With its 2.0 release, TensorFlow retains its prominence as the industry’s leading machine learning framework. TensorFlow began as a numerical processing package that gradually expanded to include libraries supporting a variety of ML approaches and execution environments, ranging from mobile CPU to large GPU clusters. Along the way, a slew of frameworks became available to simplify the tasks of network creation and training. At the same time, other frameworks, notably PyTorch, offered an imperative programming model that made debugging and execution simpler and easier. TensorFlow 2.0 now defaults to imperative flow (eager execution) and adopts Keras as the single high-level API. While these changes modernize TensorFlow's usability and make it more competitive with PyTorch, it is a significant rewrite that often breaks backward compatibility — many tools and serving frameworks in the TensorFlow ecosystem won't immediately work with the new version. For the time being, consider whether you want to design and experiment in TensorFlow 2.0 but revert to version 1 to serve and run your models in production.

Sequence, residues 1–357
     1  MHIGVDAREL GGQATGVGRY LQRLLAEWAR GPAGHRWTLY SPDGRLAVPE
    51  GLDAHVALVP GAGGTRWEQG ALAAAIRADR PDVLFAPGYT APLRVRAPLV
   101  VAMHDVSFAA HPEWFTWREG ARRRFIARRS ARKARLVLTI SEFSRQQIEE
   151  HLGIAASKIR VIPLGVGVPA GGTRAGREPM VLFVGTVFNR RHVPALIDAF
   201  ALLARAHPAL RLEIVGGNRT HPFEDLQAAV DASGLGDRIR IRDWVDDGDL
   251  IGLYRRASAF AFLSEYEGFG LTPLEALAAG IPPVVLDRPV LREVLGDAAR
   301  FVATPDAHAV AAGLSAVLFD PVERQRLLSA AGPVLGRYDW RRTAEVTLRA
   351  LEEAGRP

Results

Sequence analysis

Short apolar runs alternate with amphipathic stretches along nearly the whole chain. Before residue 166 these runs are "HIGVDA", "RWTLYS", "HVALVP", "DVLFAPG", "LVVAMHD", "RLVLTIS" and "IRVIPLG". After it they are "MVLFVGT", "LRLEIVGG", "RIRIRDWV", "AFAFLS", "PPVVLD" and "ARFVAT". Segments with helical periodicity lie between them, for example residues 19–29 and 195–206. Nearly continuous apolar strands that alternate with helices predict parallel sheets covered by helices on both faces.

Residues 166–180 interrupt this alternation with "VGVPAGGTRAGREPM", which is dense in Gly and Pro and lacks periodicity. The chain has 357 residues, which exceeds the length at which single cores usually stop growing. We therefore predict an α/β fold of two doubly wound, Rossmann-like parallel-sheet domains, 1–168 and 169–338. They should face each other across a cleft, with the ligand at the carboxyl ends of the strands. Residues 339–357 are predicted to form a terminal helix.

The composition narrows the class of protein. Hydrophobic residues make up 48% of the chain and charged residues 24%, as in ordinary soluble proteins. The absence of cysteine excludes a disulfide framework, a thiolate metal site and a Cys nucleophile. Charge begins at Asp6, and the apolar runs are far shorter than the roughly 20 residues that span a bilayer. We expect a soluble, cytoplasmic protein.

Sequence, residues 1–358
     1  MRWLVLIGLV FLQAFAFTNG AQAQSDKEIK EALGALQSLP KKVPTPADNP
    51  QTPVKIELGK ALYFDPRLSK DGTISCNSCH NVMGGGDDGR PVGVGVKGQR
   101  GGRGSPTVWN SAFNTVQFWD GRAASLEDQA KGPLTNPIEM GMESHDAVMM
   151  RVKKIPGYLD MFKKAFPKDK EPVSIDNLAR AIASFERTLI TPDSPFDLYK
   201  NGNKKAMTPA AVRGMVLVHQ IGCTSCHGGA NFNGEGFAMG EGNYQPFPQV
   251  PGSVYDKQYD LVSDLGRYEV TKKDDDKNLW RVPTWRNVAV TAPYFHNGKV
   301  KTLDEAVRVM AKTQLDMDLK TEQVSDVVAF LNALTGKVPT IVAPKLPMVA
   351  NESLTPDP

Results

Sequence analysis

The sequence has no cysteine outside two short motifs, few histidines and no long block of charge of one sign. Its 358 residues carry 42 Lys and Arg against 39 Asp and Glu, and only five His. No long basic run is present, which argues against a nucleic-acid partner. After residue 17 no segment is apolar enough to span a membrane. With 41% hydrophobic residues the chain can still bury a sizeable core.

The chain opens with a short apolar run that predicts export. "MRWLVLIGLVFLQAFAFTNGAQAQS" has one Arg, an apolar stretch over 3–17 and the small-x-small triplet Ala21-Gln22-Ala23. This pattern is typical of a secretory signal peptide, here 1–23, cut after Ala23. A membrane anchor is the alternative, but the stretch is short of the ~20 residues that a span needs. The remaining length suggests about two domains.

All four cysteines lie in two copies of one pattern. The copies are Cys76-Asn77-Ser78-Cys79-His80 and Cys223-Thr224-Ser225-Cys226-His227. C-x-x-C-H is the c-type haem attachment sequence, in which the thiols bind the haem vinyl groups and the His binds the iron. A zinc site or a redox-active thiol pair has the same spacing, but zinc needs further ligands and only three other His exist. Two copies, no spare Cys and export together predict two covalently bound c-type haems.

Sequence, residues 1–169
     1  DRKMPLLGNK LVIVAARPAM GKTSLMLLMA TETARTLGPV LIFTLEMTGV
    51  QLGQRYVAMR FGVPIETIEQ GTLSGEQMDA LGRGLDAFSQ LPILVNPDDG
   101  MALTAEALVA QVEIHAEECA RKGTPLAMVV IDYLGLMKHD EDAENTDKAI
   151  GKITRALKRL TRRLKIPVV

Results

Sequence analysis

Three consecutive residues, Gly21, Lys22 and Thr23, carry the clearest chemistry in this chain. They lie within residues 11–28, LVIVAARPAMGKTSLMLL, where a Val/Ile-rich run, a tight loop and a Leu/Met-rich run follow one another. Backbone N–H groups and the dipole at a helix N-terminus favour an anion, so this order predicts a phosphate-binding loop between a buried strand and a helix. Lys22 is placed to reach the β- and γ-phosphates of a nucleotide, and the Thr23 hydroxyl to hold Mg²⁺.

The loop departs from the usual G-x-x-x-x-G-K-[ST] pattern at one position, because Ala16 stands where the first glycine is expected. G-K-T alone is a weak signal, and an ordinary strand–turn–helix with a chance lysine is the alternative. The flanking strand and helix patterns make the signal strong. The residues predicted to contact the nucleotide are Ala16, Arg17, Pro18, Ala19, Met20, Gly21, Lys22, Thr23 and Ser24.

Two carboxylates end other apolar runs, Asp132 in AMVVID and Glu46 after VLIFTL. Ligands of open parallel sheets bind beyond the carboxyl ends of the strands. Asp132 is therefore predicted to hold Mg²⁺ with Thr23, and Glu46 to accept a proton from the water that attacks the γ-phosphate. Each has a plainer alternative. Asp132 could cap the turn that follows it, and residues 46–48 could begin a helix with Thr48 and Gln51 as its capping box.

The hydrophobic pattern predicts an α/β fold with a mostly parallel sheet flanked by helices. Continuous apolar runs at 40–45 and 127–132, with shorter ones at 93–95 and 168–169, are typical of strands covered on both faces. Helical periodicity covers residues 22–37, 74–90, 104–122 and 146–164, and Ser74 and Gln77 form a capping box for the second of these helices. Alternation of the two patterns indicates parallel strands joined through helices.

Google's TensorFlow is an open source machine-learning platform that can be used for everything from research through to production and will run on hardware from a mobile CPU all the way to a large GPU compute cluster. It's an important platform because it makes implementing deep-learning algorithms much more accessible and convenient. Despite the hype, though, TensorFlow isn't really anything new algorithmically: All of these techniques have been available in the public domain via academia for some time. It's also important to realize that most businesses are not yet doing even basic predictive analytics and that jumping to deep learning likely won't help make sense of most data sets. For those who do have the right problem and data set, however, TensorFlow is a useful toolkit.